If you become ineligible for Direct Subsidized Loans because you have received Direct Subsidized Loans for your maximum eligibility period, you may again become eligible to receive Direct Subsidized Loans if you enroll in a new program that is longer than your previous program.

Click here to see an example.

Example

For example, if you are enrolled in a two-year undergraduate program and then enroll in a four-year undergraduate program, your maximum eligibility changes from three years to six years.


If you received Direct Subsidized Loans for three years, you were not eligible to receive any more Direct Subsidized Loans in the two-year program. However, when you enroll in the four-year program, you are eligible to receive three more years of Direct Subsidized Loans.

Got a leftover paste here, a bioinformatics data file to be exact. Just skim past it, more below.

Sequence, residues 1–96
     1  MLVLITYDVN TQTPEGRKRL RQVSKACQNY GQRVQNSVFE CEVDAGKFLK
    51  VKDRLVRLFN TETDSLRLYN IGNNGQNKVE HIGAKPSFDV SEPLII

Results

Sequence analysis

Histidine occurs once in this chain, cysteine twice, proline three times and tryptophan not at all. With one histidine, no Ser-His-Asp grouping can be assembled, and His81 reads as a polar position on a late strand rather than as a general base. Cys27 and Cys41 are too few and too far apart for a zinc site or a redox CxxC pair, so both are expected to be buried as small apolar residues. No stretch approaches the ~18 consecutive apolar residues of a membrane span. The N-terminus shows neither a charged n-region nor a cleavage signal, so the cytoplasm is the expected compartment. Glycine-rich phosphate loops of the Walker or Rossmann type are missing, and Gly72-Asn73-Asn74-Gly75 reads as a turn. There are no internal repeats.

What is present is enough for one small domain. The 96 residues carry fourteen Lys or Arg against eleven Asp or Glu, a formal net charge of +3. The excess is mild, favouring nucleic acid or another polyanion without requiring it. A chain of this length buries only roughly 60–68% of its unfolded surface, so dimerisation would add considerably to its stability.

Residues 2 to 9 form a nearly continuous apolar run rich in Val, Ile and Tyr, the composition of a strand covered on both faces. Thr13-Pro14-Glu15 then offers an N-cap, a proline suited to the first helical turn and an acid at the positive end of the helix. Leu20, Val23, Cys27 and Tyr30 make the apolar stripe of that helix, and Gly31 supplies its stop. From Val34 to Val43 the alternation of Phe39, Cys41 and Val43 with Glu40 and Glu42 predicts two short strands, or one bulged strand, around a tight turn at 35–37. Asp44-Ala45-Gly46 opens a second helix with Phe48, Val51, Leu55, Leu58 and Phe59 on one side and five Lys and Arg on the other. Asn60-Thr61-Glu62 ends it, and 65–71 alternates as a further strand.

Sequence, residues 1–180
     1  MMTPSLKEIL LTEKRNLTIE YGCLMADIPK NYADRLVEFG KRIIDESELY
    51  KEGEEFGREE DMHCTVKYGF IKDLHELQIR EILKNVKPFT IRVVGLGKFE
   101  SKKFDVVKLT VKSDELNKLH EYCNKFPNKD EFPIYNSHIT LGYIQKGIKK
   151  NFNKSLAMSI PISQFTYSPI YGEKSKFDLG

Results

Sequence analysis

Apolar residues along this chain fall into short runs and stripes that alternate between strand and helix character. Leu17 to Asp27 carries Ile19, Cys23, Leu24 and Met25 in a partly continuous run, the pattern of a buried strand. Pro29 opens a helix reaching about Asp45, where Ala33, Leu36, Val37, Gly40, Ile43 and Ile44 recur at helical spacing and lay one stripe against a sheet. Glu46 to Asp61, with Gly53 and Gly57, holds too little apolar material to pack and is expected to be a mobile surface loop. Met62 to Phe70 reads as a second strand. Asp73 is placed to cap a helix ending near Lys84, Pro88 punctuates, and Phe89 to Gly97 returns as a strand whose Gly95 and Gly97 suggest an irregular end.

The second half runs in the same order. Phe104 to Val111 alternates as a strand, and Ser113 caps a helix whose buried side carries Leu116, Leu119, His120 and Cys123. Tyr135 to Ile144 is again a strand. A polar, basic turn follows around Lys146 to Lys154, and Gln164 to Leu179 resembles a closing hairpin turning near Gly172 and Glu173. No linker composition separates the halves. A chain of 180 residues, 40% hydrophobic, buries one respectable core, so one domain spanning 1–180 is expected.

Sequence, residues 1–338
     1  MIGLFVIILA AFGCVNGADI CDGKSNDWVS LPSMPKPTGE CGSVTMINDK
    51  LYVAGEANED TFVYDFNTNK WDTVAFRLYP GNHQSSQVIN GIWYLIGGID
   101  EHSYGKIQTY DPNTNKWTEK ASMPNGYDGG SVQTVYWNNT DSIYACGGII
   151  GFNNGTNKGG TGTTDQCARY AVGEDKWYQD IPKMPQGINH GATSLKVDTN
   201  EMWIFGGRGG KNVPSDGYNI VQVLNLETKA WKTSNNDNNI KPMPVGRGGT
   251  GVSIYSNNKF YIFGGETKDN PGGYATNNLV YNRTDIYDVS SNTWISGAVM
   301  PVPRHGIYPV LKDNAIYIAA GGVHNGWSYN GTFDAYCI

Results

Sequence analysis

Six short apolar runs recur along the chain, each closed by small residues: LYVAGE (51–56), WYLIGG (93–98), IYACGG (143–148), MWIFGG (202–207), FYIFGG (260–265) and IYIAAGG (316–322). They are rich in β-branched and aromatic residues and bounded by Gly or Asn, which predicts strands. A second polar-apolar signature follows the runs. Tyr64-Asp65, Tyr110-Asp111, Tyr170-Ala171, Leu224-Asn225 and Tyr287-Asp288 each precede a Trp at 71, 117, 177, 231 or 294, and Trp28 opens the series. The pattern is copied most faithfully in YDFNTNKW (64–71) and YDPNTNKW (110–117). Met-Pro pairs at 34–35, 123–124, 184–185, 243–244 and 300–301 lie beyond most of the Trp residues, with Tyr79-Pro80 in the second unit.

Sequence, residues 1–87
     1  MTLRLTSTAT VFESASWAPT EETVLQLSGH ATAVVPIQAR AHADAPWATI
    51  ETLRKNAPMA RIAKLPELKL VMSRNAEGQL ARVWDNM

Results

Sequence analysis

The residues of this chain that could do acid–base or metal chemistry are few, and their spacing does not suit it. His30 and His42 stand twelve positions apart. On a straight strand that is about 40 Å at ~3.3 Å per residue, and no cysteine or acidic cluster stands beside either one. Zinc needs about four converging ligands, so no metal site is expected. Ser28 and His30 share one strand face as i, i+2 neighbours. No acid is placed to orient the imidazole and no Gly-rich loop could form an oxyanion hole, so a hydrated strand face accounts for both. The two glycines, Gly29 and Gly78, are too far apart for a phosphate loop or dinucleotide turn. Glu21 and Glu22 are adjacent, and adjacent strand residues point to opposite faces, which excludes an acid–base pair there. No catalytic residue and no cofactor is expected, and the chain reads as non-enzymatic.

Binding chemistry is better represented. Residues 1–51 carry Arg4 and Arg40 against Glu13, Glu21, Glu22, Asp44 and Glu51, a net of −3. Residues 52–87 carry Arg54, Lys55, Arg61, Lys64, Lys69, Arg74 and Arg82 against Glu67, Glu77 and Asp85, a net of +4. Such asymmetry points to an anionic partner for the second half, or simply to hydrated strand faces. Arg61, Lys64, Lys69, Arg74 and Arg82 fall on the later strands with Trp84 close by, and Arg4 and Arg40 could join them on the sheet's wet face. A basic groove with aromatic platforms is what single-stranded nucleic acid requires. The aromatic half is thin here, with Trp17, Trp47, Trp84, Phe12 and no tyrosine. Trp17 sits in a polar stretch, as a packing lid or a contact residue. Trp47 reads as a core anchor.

If you regain eligibility to receive additional Direct Subsidized Loans because you enrolled in a program that is longer than your prior program and you previously became responsible for paying all of the interest that accrues on your Direct Subsidized Loans, we will pay the interest that accrues on your new loans during the periods described in the chart above. However, you will continue to be responsible for paying all of the interest that accrues on the previous Direct Subsidized Loans that you received.